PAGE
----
An analysis shows that Gov. Pat Quinn's troubled anti-violence program, which critics have called a "political slush fund," didn't do him much good in his 2010 campaign.
The Chicago Sun-Times, which analyzed the numbers, reported that in Chicago neighborhoods where the Neighborhood Recovery Initiative's $54 million was spent, voter turnout in 2010 was 2 percentage points higher than it was in 2006, when former Gov. Rod Blagojevich ran for governor. That wasn't much different than the 1.9 percentage point increase in voter turnout for the same period in neighborhoods that did not receive such funding.
Contact information ( * required )
The difference was a bit more pronounced in the suburbs. The paper found that voter turnout improved in areas that got NRI money by 3.8 percentage points, compared to a 1.8 percentage point increase in suburban areas that didn't get any NRI money.
The program has become a focal point in this year's gubernatorial campaign. Fighting to maintain his image as a reformer who cleaned up state government, Quinn has been dogged by questions about the program.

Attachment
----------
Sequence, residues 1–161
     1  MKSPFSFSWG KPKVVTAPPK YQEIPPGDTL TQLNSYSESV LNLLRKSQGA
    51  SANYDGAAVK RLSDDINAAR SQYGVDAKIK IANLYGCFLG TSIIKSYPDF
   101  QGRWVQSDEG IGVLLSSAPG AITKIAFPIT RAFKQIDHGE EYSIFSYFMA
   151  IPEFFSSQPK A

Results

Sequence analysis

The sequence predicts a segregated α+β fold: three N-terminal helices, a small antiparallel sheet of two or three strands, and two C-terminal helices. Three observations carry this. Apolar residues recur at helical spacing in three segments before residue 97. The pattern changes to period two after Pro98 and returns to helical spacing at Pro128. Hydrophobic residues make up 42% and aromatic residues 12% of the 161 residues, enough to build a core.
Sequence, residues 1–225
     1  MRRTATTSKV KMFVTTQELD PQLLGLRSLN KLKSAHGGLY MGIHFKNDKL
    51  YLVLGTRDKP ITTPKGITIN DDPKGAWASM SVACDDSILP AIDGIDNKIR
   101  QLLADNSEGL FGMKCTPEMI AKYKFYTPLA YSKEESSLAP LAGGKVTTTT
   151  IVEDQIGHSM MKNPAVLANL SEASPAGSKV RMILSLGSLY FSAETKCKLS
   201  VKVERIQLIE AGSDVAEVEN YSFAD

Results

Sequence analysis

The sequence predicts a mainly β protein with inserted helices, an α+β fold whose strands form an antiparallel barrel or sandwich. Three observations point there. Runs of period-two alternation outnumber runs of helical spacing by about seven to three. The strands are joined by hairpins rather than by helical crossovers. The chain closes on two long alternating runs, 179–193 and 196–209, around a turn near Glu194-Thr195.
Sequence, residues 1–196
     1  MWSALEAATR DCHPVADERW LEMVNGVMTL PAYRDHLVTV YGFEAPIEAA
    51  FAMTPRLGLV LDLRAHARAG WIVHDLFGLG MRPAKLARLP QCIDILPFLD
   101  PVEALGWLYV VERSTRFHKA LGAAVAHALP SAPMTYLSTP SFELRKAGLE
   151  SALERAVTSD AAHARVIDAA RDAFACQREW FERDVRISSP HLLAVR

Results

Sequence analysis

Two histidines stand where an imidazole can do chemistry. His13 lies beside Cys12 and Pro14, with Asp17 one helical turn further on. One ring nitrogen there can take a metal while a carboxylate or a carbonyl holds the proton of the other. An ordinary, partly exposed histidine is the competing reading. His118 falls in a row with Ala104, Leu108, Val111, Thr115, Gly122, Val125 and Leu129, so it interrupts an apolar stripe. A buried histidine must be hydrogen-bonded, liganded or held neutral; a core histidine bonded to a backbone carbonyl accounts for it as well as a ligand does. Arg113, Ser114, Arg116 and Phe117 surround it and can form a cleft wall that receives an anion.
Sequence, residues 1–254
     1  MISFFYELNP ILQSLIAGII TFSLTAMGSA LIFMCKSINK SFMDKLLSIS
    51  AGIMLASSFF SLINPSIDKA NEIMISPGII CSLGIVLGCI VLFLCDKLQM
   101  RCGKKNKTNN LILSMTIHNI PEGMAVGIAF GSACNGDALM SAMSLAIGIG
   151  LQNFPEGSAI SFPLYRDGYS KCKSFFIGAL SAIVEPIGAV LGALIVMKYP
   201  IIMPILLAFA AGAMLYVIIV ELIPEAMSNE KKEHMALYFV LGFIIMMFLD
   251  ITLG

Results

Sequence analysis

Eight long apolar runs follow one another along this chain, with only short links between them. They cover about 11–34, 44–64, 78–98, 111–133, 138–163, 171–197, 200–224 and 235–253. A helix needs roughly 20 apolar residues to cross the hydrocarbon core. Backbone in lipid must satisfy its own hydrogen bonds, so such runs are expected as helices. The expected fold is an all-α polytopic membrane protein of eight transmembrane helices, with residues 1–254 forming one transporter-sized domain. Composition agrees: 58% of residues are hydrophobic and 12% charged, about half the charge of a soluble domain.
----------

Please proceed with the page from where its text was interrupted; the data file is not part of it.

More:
He has denied he used to program to secure votes, but his Republican challenger, venture capitalist Bruce Rauner, has pointed to the program as an example of what he calls a culture of corruption that Quinn commands.
Quinn campaign spokeswoman Brooke Anderson suggested the analysis confirms what she calls a "ludicrous suggestion" that Quinn used the program for political gain.
"Everyone knows, including Bruce Rauner, that the program was launched to combat violence, and it's sad that his cynicism and desperation to be governor would cause him to suggest anything otherwise," she said.
The Rauner campaign, while not directly addressing the newspaper's findings, said serious questions about the program remain.
"The only thing we know for sure about the NRI program is that it is the subject of a federal criminal investigation, taxpayer money was badly used, some high-crime neighborhoods were mysteriously ignored and violent crime is still a major problem in Chicago," said campaign spokesman Mike Schrimpf.